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GH4 Review: The king of Guerrillas

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The privilege of having an early preproduction GH4 camera falling on my lap when only a few in the world barely had the opportunity to see it from behind glass was the most obvious sign to start this blog… So here it is… my first article will be a GH4 Camera review. In this review I was mainly focusing on the video features of the camera, which IMHO outshines its photographic capabilities, not that they’re poor, but because the video features are beyond AWESOME!

But before I start, here’s a little disclaimer:

1- This review is based on a preproduction camera with an early firmware 0.5, the final release might have some improvements to many of the points I have mentioned in my review.

2- All opinions mentioned here are purely subjective as they reflect my personal experience with the camera. This review is not affected by any official or none official affiliation or sponsorship from Panasonic or any other commercial entity.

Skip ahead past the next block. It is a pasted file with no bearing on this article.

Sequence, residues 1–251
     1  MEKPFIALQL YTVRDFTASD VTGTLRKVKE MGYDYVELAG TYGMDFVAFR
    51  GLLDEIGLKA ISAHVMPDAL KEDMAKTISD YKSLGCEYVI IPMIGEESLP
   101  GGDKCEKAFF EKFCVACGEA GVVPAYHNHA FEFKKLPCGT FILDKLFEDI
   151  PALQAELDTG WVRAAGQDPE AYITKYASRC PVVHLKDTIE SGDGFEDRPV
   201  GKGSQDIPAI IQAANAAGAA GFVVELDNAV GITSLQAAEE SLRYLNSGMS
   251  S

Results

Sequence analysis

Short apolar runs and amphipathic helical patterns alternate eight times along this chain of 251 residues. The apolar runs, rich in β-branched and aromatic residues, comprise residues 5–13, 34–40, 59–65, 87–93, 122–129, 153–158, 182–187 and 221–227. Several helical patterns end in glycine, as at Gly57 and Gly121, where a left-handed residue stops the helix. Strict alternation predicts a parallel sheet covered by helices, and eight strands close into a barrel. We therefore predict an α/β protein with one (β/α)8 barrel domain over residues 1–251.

My First impressions…

When stripped down from the battery and lens, the first thought that went through my head was:
“How could this piece of plastic shoot 4K??!!!”

GH4-Camera Body 1 


Compared to the GH3

It didn’t feel different at all from the GH3. The first thing to notice is the lock button that was added to the shooting modes dial.

The Viewfinder rubber piece is slightly bigger and more streamline with your eye, which prevents light leaks more efficiently.

Additional to a couple of unnoticeable cosmetic differences and the number 4 next to the GH.

Design flaws

I was disappointed to see that it still had the GH3 problem of a hard to use menu dial due to the rubber piece that prevents your thumb to rotate it properly.
Also the position of the headphone and HDMI inputs was not improved. As when cables are connected, they would block the screen from tilting.



Overall Experience